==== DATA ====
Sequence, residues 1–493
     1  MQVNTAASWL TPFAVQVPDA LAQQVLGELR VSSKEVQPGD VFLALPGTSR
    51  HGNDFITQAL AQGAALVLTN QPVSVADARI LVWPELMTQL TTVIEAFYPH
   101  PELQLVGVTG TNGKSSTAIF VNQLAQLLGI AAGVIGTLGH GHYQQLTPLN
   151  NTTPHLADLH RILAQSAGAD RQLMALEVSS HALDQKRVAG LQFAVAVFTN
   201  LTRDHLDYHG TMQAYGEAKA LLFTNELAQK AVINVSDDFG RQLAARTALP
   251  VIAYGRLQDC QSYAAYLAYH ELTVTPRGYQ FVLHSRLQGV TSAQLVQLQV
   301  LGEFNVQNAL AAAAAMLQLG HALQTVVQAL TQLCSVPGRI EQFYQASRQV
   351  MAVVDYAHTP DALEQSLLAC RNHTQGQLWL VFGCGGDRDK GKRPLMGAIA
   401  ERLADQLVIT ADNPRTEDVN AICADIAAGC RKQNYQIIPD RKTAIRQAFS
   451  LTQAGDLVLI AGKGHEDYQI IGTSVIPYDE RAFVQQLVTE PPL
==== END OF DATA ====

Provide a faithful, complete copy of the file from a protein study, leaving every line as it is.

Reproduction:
Sequence, residues 1–493
     1  MQVNTAASWL TPFAVQVPDA LAQQVLGELR VSSKEVQPGD VFLALPGTSR
    51  HGNDFITQAL AQGAALVLTN QPVSVADARI LVWPELMTQL TTVIEAFYPH
   101  PELQLVGVTG TNGKSSTAIF VNQLAQLLGI AAGVIGTLGH GHYQQLTPLN
   151  NTTPHLADLH RILAQSAGAD RQLMALEVSS HALDQKRVAG LQFAVAVFTN
   201  LTRDHLDYHG TMQAYGEAKA LLFTNELAQK AVINVSDDFG RQLAARTALP
   251  VIAYGRLQDC QSYAAYLAYH ELTVTPRGYQ FVLHSRLQGV TSAQLVQLQV
   301  LGEFNVQNAL AAAAAMLQLG HALQTVVQAL TQLCSVPGRI EQFYQASRQV
   351  MAVVDYAHTP DALEQSLLAC RNHTQGQLWL VFGCGGDRDK GKRPLMGAIA
   401  ERLADQLVIT ADNPRTEDVN AICADIAAGC RKQNYQIIPD RKTAIRQAFS
   451  LTQAGDLVLI AGKGHEDYQI IGTSVIPYDE RAFVQQLVTE PPL